Quitting Time in Dakota County

Tobacco was smoked or chewed by nearly half of the 40 employees at Rigid Hitch, a Burnsville manufacturer, in early 2010. Tobacco use may not have been the only contributor to the company’s annual increases of 15 to 30 percent in health care claims. But using tobacco is a lifestyle choice that puts them at risk for poor health—and Rigid Hitch wanted to help them quit, which also might help level out increases in health care premiums for employers and employees.

People at Rigid Hitch, like many Minnesotans, benefit from the services and funding provided by Statewide Health Improvement Program and its county-based public health partners. To foster better health, SHIP strives to reduce tobacco use and tobacco exposure and reduce the number of people who are overweight or obese.

Rigid Hitch connected initially when Betsy Kauffman, human resources manager, completed a Dakota County survey about potential ways to improve employee wellness and health. A Dakota county staff person followed up with no-cost ideas and suggestions for improvement. “They let us know about the resources that were available and brought them to us,” Kauffman says. “As a smaller employer, I really appreciated their efforts because we don’t have the resources to go out searching for these solutions.”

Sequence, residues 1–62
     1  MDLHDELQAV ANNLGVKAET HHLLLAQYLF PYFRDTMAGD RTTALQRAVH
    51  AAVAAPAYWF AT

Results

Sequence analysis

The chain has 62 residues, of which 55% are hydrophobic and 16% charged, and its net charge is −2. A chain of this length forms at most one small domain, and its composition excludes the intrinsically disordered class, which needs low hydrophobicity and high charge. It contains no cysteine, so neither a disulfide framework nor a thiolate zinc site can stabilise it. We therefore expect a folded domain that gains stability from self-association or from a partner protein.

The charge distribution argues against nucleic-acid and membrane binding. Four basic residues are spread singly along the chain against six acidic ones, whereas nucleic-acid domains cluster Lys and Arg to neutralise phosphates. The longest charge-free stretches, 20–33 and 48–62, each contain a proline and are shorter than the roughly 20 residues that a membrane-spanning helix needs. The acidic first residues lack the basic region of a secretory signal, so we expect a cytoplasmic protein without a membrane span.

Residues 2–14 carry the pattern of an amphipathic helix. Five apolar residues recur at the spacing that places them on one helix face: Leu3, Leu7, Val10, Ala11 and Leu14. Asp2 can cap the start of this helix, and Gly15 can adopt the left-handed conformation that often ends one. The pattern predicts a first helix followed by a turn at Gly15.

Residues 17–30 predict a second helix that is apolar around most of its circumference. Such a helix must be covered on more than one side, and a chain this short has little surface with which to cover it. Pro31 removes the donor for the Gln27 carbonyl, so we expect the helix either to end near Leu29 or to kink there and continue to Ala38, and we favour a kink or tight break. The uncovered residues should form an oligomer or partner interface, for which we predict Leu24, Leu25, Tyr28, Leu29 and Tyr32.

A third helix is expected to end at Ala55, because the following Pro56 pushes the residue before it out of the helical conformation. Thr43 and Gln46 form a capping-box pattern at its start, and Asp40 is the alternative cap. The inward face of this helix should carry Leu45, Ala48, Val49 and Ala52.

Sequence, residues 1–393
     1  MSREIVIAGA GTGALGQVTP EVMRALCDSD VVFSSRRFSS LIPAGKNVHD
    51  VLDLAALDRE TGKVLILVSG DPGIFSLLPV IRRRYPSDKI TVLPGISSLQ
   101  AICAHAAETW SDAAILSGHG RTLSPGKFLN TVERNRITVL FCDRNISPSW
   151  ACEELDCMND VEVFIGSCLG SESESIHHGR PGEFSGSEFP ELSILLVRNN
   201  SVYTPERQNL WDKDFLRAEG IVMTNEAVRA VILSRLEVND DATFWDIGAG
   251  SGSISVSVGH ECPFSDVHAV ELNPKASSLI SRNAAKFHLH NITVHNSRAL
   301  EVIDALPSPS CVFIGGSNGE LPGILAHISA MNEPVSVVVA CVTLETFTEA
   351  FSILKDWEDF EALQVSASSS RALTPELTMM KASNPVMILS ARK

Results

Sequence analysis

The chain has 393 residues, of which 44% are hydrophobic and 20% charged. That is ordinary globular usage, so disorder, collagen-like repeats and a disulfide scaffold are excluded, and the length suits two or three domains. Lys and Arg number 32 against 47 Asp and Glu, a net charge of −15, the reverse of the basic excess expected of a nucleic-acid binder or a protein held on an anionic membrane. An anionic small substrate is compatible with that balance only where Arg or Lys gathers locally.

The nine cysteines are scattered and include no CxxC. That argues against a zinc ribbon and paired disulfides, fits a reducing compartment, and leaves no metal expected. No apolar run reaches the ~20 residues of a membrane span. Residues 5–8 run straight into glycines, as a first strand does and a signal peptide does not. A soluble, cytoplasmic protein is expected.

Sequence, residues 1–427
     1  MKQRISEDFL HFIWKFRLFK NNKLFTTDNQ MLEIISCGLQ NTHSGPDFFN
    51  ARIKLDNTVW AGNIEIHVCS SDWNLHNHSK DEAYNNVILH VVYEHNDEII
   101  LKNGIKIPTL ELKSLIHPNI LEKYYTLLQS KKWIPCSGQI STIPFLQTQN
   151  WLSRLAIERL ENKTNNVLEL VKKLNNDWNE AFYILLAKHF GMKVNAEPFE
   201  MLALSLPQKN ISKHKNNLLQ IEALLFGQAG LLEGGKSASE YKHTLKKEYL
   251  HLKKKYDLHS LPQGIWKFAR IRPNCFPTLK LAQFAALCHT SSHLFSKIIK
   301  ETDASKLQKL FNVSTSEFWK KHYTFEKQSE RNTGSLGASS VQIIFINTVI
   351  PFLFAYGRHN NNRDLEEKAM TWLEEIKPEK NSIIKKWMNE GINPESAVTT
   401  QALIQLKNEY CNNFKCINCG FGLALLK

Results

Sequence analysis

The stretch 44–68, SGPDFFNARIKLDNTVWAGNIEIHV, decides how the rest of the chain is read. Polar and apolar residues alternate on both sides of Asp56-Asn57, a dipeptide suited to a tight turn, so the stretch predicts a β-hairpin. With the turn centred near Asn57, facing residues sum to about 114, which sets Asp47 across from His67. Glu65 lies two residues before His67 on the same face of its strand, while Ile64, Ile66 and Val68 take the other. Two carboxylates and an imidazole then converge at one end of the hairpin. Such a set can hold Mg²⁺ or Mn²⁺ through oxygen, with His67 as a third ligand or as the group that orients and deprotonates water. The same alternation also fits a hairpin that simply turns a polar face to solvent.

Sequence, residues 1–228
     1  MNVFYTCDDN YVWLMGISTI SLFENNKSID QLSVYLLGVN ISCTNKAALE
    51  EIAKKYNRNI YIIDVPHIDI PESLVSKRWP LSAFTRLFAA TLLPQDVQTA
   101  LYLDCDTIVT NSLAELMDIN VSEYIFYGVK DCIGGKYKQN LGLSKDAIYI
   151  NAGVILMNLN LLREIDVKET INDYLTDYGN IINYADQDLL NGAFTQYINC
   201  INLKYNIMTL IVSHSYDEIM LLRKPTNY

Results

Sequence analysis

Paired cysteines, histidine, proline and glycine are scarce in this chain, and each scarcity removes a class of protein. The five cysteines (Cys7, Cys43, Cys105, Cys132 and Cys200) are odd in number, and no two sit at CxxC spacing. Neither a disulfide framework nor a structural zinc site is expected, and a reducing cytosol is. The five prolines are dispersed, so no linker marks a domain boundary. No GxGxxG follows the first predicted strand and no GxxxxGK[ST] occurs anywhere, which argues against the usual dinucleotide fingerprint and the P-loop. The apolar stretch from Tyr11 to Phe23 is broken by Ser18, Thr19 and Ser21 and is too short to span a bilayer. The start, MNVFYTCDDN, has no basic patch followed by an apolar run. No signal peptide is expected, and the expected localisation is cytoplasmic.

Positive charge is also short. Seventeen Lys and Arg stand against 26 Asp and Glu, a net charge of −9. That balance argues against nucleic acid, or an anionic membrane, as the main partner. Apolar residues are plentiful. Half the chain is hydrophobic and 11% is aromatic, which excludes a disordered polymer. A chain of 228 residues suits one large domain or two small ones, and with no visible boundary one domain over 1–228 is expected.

Dakota County Community Health Specialist Efren Maldonado suggested to Kauffman that Quitplan was not only a phone and web program to help tobacco users but also would send a representative to the company to counsel tobacco users in how to quit.

Eight employees chose to enroll in the program and Rigid Hitch arranged for them to meet for one-hour sessions for five weeks—on company time—with the Quitplan counselor. This counselor formerly smoked, so she could sympathize with the employees’ struggle to quit tobacco.

Along with Rigid Hitch’s investment in employee wellness, SHIP resources supported tobacco use screening, as well as incentives for employees who remained tobacco-free.

Four of those in the program cut back their tobacco use. Of the four employees who quit using tobacco, one for the first winter in many years did not suffer a bout of bronchitis. She is healthier and did not have to take time off from work to recover. Kauffman is pleased with the results—that a significant number of Rigid Hitch’s employees chose to go smoke-free, with assistance from SHIP.

Download a PDF copy of this Best of Wellness SHIP Success Story.

Burnsville employer uses classes and support to reduce tobacco-using employees by 20 percent.

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